Shaq show site eyes long life


RDF USA and ABC are looking to throw their weight around online for the broadcaster's upcoming fitness-themed series "Shaq's Big Challenge."

RDF, which is producing the unscripted format for ABC, has joined with the network, online health company Waterfront Media and series star Shaquille O'Neal to launch a substantial companion site,, in advance of the series and which is expected to continue after it ends.

RDF's strategy deviates from established practices in TV/ online tie-ins, which typically dictate that a significant investment in a Web extension only comes after a TV franchise finds ratings traction — a difficult task in the summer viewing season.

RDF USA CEO Chris Coelen envisions the site and the program driving traffic to each other. "When you add all the pieces together, we think the whole will be greater than the sum of its parts," he said.

Added Bruce Gersh, senior vp business development at ABC Entertainment: "As we figure out different business models, this is another way to go. We continue to extend our shows in new and innovative ways."

"Shaq's Big Challenge," which premieres at 9 p.m. Tuesday, features the Miami Heat 7-footer helping overweight children. The site will mix free information for diet-conscious people of all ages with an extra layer of content available for a monthly subscription fee, including phone and e-mail content with dietitians and trainers.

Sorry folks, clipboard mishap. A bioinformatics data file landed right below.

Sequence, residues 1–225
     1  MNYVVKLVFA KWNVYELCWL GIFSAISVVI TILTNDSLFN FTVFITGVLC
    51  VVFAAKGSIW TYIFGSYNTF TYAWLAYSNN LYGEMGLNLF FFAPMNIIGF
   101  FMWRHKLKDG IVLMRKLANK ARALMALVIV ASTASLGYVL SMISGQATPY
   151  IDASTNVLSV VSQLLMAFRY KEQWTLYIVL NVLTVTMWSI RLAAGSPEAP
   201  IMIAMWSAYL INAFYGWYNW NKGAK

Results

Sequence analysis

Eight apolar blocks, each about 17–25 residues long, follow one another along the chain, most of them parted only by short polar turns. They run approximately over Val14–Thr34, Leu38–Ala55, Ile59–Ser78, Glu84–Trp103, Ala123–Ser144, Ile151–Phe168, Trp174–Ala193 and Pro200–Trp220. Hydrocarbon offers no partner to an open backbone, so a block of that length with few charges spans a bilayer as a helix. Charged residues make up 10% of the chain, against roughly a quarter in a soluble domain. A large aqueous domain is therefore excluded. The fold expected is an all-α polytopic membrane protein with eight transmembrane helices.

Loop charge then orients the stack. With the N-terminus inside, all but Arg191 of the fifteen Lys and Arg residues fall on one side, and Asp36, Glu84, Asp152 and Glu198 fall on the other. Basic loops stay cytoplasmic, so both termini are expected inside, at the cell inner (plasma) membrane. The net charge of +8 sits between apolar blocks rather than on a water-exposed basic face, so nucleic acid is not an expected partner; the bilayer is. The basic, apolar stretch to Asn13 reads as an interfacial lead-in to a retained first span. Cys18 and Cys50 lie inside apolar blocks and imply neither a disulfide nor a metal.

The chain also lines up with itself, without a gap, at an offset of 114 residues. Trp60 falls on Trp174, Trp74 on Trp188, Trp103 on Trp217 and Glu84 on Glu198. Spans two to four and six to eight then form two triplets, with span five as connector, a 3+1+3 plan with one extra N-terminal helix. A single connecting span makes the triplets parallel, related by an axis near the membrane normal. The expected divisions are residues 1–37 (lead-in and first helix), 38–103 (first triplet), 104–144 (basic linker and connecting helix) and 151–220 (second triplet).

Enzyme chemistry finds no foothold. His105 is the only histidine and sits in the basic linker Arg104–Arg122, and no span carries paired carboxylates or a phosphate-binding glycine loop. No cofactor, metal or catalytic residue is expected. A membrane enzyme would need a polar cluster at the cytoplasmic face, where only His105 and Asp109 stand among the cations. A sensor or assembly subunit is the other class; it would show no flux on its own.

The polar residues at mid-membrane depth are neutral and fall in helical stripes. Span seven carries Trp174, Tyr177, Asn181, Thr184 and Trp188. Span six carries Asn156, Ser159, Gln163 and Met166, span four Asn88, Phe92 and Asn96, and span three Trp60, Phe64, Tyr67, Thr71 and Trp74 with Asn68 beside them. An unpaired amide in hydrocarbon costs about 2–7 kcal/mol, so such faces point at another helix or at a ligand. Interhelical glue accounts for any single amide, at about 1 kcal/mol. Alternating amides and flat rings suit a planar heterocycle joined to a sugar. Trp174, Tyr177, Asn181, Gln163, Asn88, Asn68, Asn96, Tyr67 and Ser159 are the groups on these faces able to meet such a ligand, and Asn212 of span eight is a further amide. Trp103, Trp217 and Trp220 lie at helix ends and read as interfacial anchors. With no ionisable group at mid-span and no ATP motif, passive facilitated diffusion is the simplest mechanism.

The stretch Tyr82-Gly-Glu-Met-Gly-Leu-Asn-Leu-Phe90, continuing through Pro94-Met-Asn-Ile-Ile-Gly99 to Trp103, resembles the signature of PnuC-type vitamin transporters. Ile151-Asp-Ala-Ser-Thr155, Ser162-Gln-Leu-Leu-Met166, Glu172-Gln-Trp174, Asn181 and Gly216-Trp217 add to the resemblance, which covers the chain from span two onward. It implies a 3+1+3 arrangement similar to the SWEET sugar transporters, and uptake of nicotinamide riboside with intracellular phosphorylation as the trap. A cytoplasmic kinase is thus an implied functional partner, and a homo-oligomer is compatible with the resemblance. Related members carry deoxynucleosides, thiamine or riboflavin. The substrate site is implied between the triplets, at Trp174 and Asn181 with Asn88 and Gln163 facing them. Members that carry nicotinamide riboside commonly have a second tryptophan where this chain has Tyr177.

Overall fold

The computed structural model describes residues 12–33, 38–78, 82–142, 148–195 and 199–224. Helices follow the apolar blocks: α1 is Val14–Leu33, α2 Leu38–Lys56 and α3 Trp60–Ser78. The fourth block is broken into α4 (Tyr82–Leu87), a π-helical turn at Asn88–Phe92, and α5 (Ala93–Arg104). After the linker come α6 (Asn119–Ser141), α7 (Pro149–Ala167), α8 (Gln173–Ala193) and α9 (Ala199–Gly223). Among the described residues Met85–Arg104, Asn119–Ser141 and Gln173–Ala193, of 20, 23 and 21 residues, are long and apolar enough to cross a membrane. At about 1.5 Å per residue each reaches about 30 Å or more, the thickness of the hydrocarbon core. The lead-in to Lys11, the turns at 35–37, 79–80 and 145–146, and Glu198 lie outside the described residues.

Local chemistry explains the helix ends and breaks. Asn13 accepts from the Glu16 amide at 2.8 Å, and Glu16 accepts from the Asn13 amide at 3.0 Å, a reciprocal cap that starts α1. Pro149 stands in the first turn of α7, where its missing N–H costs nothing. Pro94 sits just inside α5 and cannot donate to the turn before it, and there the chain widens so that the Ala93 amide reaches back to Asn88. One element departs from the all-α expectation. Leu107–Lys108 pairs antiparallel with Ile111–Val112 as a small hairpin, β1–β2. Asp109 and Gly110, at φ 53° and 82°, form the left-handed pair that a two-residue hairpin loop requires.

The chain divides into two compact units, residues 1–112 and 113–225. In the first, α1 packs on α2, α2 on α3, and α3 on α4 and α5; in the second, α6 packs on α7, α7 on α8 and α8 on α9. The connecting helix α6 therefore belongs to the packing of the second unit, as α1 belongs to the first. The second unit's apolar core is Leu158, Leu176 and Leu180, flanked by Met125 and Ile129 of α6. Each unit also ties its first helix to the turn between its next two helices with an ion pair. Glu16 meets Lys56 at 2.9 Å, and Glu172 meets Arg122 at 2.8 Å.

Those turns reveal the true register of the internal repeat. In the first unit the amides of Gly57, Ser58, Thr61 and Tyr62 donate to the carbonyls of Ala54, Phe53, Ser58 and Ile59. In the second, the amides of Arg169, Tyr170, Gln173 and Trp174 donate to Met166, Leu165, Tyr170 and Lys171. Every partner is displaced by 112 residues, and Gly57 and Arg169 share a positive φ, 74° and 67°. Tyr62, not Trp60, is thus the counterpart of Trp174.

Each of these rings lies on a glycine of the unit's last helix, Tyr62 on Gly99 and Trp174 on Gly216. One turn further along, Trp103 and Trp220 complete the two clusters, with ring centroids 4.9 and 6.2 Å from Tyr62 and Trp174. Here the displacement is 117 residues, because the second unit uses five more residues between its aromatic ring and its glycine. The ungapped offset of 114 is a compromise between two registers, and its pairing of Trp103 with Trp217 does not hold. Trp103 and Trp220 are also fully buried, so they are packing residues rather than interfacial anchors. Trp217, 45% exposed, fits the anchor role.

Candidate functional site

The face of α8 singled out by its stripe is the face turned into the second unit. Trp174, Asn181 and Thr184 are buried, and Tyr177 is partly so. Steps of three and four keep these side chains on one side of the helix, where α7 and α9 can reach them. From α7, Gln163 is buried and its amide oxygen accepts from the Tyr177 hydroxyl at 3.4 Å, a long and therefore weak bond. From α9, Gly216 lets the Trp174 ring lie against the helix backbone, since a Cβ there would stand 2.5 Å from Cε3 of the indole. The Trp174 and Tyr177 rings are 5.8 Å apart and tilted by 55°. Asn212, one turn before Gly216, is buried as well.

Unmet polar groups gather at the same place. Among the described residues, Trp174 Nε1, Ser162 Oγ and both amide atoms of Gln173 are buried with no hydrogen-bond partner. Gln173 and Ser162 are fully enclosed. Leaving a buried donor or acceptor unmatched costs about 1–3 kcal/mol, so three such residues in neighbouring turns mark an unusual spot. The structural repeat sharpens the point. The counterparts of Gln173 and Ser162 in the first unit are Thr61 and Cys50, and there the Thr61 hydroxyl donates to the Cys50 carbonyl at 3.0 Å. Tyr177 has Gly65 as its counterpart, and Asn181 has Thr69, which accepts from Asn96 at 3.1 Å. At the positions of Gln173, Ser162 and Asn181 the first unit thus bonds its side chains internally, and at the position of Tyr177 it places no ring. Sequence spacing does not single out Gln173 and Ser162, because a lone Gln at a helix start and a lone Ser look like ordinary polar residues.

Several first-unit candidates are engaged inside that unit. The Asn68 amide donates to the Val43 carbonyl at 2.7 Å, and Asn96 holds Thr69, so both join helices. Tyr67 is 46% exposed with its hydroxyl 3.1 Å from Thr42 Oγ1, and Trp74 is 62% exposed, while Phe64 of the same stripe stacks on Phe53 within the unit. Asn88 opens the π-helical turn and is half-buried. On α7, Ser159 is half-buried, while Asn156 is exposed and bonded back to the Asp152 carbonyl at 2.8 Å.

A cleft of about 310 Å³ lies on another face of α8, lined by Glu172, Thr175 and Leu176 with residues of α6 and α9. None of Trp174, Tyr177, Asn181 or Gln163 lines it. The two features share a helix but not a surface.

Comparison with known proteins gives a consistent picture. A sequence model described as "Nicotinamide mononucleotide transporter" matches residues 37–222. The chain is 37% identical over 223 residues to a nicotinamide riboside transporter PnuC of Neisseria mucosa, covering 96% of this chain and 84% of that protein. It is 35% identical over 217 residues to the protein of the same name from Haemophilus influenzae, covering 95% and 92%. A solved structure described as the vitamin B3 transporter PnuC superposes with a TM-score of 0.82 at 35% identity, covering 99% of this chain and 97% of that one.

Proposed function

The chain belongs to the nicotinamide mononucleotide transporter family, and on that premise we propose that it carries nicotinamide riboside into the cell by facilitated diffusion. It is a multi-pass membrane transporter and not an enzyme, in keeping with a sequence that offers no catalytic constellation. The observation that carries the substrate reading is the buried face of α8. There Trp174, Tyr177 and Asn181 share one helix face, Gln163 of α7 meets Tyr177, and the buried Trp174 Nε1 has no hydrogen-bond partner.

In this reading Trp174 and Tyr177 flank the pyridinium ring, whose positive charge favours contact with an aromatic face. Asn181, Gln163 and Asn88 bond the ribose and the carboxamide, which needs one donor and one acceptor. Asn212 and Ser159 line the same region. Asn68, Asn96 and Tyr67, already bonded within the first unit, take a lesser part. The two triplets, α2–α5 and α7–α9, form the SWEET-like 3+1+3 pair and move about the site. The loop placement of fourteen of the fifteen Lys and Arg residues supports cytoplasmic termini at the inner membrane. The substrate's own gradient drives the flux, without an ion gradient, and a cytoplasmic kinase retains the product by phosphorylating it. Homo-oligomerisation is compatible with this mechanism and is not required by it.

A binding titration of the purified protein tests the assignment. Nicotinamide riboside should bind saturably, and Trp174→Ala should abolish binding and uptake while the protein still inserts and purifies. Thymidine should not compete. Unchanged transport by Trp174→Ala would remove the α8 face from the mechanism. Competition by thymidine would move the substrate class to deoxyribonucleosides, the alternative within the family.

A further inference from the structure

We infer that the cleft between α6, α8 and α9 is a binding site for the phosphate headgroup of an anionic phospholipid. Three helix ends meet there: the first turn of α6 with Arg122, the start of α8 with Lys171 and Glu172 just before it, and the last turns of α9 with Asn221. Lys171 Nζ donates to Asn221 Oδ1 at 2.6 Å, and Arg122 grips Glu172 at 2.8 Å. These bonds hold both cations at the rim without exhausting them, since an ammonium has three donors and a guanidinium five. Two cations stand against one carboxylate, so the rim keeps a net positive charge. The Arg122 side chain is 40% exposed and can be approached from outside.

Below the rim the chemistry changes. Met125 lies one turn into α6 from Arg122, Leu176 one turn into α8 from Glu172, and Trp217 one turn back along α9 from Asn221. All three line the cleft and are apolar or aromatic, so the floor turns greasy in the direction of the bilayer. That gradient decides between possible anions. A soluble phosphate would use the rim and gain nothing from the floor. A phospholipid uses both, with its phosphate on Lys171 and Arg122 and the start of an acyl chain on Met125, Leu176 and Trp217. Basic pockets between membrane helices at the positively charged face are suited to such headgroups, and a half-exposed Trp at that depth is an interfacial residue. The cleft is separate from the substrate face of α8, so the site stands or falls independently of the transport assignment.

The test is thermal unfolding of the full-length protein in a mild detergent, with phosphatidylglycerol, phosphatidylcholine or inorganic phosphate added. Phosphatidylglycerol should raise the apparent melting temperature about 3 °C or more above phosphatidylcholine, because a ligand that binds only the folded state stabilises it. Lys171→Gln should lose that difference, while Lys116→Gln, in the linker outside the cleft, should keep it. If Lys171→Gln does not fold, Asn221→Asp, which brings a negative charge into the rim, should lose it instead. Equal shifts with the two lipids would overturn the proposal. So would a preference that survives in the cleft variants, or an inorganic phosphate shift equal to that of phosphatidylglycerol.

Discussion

The site has an online powerhouse in its corner with Waterfront, which counts nearly 8 million unique visitors per month to its network of online health brands, including "The South Beach Diet," Denise Austin and Dr. Andrew Weill. Waterfront is expected to put $1.4 million into the site, including heavy online promotion.

Fitness-oriented programming successfully has bridged TV and online worlds before; NBC followed up on reality franchise "The Biggest Loser" with, which keeps the brand active between seasons of the series.

For its part, ABC will plug several times throughout each episode. The network has committed to only six episodes, but even fewer could air if viewers don't turn out.

That won't hinder the Web site, Coelen noted, which can exist as a stand-alone service. "We hope the show runs a very long time," he said. "But the site can live on far beyond the show."

The deal was brokered by RDF execs Max Benator, head of the company's digital division, and Kirk Schenck, president and general counsel.